Monday, 21 November 2011

Objective Proficiency p 52. Keys and Vocabulary

P. 181
Off-key: 1 (of a voice or a musical instrument) not in tune. 2 not suitable or correct in a particular situation. Inappropriate. E.g. Some of his remarks were very off-key. Off-key (adverb) E.g. to sing off-key.

A foregone conclusion: /ˈfɔːɡɒn/ if you say that something is a foregone conclusion, you mean that it is a result that is certain to happen. Sp. Es de prever, está cantado. E.g. The outcome of the vote is a foregone conclusion.

The chances are (that)…: (informal) it is likely that…E.g. The chances are you won't have to pay.

There's every likelihood: e.g. There's every likelihood over the coming days that we will see new fires. Most worryingly, there's every likelihood (that) there will be more protests. 

Bound to do/be something certain or likely to happen, or to do or be something. E.g. There are bound to be changes when the new system is introduced. It's bound to be sunny again tomorrow. You've done so much work—you're bound to pass the exam. It was bound to happen sooner or later (= we should have expected it). You're bound to be nervous the first time (= it's easy to understand). 

There's a slim/ faint chance: very small; possible but unlikely. e.g. There's a slim chance a storm could put the city under 6 feet of water. A slim chance of success. They don't have the faintest chance of winning.

It's doubtfulunlikely; not probable. E.g. With her injuries it's doubtful that she'll ever walk again. It's doubtful whether the car will last another year. It's doubtful if this painting is a Picasso.

Ex 1
KEY

a. B strong probability/ possibility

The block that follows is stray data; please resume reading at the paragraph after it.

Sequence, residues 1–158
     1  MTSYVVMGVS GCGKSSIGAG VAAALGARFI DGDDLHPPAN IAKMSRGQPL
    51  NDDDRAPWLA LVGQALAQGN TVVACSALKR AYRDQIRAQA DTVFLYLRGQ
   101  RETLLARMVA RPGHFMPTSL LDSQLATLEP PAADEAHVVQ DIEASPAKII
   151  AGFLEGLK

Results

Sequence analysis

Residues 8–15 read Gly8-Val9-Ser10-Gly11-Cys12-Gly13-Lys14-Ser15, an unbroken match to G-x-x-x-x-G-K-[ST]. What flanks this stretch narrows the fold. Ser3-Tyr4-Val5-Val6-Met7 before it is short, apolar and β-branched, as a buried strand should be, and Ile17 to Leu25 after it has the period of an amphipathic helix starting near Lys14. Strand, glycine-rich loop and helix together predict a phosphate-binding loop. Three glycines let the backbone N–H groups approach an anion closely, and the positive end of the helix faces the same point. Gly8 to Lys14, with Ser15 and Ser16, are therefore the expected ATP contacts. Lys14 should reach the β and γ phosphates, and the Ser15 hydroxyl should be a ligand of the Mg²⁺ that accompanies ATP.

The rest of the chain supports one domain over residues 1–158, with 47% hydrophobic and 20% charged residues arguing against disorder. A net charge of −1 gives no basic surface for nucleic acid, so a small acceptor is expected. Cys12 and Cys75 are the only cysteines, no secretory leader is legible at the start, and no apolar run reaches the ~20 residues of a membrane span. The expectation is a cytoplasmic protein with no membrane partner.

b. B strong probability/ possibility



c. A complete certainty (negative and positive)



d. B strong probability/ possibility



e. B strong probability/ possibility



f. A complete certainty (negative and positive) 



g. B strong probability/ possibility



h. A complete certainty (negative and positive) 



i. B strong probability/ possibility 



j. B strong probability/ possibility  



k. D general or theoretical probability/ possibility



l.  A complete certainty (negative and positive) 



m. C weak probability/ possibility 

Ex 2
Possible answers

a There is every likelihood that another Mozart will be born. I can’t believe that only one musical genius will ever exist.



b I guess an asteroid could hit the Earth, but the government is bound to do all in its power to prevent it.



c People may well have brain transplants in the future – after all, we have transplants for most parts of the body, don’t we?




d I think there’s only a faint chance that English will be the language of the Internet in the future. I think Chinese will take over.

Take over (from somebody)/ take something over (from somebody): 1 to begin to have control of or responsibility for something, especially in place of somebody else. 2 to gain control of a political party, a country, etc. The army is threatening to take over if civil unrest continues.




e There’s no chance of New Zealand winning the football World Cup – not when there are teams from France, Spain, Italy and Brazil.




f It’s a foregone conclusion that electric cars are the cars of the future. It stands to reason that oil reserves won’t last forever.

A foregone conclusion: /ˈfɔːɡɒn/ if you say that something is a foregone conclusion, you mean that it is a result that is certain to happen. Sp. Es de prever, está cantado. E.g. The outcome of the vote is a foregone conclusion.

it stands to reason: (informal) it must be clear to any sensible person who thinks about it. E.g. It stands to reason that they'll leave if you don't pay them enough.

Ex 3
Possible answers
a landing on the Moon
 



b a royal wedding
 



c possibly Madonna
 



d possibly Federer – anyone who is a sports champion who is about to retire
 



e possibly polio, AIDS or smallpox (Sp. viruela)

breakthrough an important development that may lead to an agreement or achievement. E.g. to make/ achieve a breakthrough. A significant breakthrough in negotiations. A major breakthrough in cancer research.

knock something + adverb/preposition to make a hole in something by hitting it hard. E.g. They managed to knock a hole in the wall.

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